Jonathan Knutson / Agweek Staff Writer
Two conservation-minded farm organizations are applauding a bipartisan bill that would maintain funding and acreage levels for the farm bill's three largest conservation programs. "We're excited to see this bipartisan support for conservation in the farm bill," Anna Johnson, policy analyst with the Center for Rural Affairs, told Forum News Service.
Critics often raise concern that genetically engineered crops might harm the environment or people who eat them. But now a new study finds that farmers who plant Bt corn reduce crop damage and insecticide use in nearby fields of non-genetically engineered crops such as peppers and green beans. The Bt corn brings "positive impacts to growers, including organic producers," according to the study, published in Proceedings of the National Academy of Sciences.
"Excuse me," I told the supermarket cashier. "You rang up that squash at $1.99 a pound. The sign said $1.29." "This is organic. It's $1.99," she said. "Then somebody stocked it in the conventional section," I said. "Well, I'm not paying 70 cents more for organic. I'm not paying anything more for organic." Please, don't send irate emails if you're an organic supporter. Though I won't spend extra for organic, I'm not anti-organic. Not at all.
Federal crop insurance in its current form is hurting family farms, the land and rural communities, while benetting big insurance companies, according to a new report from the Minnesota-based Land Stewardship Project.
FARGO — Lanny Faleide is a farmer turned technological pioneer whose work has been praised by NASA. For 24 years, his self-described "bleeding-edge" company has used space-age technology, particularly satellite imagery, to help agricultural producers better understand their fields and farm them more efficiently. But Faleide said greater interest in precision agriculture, including the use of satellite and drone imagery, doesn't mean he and his company, Satshot, have finally reached the promised land.
LAWTON, N.D. — Justin Zahradka says that when he was a high school freshman, "I was the kind of kid who sat in the back of the class and never said a word." He pauses for a second and adds, "That's obviously changed, and it's because of FFA." Zahradka, now a 24-year-old full-time farmer from Lawton, N.D., says his involvement with FFA made him a better person and better farmer and opened up wonderful opportunities both during and after his time with FFA.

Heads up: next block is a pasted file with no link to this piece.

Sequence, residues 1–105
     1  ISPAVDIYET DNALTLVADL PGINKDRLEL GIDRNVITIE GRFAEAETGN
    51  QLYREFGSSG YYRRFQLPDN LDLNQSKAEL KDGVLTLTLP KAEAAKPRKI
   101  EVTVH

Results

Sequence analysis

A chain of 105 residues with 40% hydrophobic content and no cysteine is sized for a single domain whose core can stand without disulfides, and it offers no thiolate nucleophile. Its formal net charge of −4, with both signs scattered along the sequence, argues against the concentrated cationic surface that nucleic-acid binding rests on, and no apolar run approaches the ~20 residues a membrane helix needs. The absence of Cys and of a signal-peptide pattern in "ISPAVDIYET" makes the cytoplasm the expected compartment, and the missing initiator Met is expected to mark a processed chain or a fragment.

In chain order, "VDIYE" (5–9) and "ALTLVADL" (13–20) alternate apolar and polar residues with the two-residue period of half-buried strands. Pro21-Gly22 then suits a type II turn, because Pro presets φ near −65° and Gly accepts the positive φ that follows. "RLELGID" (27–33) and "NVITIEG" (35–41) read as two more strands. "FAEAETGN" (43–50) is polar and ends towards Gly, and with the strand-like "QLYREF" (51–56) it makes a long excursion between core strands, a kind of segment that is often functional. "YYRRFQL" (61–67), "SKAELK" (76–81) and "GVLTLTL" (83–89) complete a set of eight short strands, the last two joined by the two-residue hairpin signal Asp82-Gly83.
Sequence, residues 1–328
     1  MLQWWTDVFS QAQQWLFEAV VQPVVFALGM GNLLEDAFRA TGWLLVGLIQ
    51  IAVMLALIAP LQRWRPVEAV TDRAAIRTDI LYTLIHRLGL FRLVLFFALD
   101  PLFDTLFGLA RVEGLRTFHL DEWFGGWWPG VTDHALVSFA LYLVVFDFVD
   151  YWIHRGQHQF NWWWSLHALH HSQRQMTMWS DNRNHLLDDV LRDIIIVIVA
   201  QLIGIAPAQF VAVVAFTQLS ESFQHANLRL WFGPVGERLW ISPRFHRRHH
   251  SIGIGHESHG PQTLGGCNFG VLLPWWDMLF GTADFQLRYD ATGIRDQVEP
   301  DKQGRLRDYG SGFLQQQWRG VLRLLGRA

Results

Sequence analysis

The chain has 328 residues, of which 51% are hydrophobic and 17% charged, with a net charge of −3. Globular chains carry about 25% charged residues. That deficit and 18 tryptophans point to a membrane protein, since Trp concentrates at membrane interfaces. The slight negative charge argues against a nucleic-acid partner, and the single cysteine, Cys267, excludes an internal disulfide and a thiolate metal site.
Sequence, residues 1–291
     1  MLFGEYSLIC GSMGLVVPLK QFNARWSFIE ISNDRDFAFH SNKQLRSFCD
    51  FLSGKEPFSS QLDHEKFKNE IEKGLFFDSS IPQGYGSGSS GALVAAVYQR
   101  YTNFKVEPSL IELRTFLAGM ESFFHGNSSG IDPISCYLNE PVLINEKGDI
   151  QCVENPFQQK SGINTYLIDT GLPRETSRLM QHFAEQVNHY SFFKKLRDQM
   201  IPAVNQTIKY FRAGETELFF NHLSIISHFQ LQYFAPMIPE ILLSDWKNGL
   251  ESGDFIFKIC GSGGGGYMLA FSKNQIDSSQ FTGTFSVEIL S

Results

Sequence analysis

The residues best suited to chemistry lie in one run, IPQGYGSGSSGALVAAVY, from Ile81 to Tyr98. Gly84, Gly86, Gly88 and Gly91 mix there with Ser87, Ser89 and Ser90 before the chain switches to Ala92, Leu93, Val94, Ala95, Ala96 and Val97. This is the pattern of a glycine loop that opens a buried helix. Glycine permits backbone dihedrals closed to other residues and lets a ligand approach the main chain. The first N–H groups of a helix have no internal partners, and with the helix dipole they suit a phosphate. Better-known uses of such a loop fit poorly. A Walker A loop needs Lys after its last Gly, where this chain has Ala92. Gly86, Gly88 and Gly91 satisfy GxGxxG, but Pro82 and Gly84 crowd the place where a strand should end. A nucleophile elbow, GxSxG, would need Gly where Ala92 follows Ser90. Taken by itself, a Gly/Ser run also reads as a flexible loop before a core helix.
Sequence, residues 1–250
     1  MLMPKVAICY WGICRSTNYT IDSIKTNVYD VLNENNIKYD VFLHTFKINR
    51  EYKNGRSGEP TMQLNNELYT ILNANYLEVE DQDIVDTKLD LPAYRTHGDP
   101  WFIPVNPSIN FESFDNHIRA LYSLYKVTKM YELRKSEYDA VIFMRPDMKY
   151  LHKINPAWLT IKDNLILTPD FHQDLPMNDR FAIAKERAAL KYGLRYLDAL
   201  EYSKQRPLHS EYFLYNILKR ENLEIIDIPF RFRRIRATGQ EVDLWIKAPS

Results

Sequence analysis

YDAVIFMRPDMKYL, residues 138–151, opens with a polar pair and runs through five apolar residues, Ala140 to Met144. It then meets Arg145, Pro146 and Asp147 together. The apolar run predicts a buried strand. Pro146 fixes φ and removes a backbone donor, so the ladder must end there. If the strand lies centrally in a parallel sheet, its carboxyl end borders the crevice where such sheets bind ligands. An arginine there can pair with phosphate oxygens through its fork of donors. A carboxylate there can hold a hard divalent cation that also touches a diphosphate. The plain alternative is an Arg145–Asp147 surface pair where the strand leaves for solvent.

If you ask farmers what skill or attribute is most important in their occupation, the majority will pause for a few seconds before saying "optimism" or "faith in the future." Some will answer "capital," "vision," "access to land" or "willingness to change with the times." I agree, all those things are important, even vital. But here's what I firmly believe is the trait that modern farmers and ranchers need most to survive and thrive:
The North American Free Trade Agreement is a big deal to U.S. agriculturalists. NAFTA is even more important to their Canadian counterparts, a Canadian attorney with close ties to agriculture says. Given that, ongoing efforts to revise NAFTA are "a huge concern," Kenton Rein says. Rein is a partner in Cassels Brock's Calgary, Alberta, office, where he leads the firm's agribusiness practice. He also is on the executive committee of the Canadian Bar Association's Food and Agribusiness Section.
PITTSBURGH — Understanding the U.S. farm bill isn't easy even for full-time agriculturalists. Journalists with limited exposure to ag may face an even greater challenge. But three veteran agricultural journalists, with extensive experience in covering the farm bill, have some insights that can make the task a little less difficult.
PITTSBURGH — A journalist is supposed to ask questions. On rare occasions, when we're especially brave or foolish (or both), we invite readers to submit questions for us to ask in their stead. That's what I did during the recent annual convention of the Society of Environmental Journalists in Pittsburgh. Though I'm not a member of the group, its event had a strong ag component and I received a fellowship to attend.